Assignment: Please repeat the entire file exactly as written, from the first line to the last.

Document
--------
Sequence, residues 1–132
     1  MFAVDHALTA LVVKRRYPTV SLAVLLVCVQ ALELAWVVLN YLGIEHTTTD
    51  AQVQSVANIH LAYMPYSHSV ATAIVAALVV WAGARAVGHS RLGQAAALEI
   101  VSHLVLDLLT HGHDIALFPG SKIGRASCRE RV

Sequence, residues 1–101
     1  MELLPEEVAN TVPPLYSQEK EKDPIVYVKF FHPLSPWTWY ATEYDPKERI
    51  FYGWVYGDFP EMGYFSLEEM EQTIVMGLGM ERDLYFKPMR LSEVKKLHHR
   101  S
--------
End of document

Sequence, residues 1–132
     1  MFAVDHALTA LVVKRRYPTV SLAVLLVCVQ ALELAWVVLN YLGIEHTTTD
    51  AQVQSVANIH LAYMPYSHSV ATAIVAALVV WAGARAVGHS RLGQAAALEI
   101  VSHLVLDLLT HGHDIALFPG SKIGRASCRE RV

Sequence, residues 1–101
     1  MELLPEEVAN TVPPLYSQEK EKDPIVYVKF FHPLSPWTWY ATEYDPKERI
    51  FYGWVYGDFP EMGYFSLEEM EQTIVMGLGM ERDLYFKPMR LSEVKKLHHR
   101  S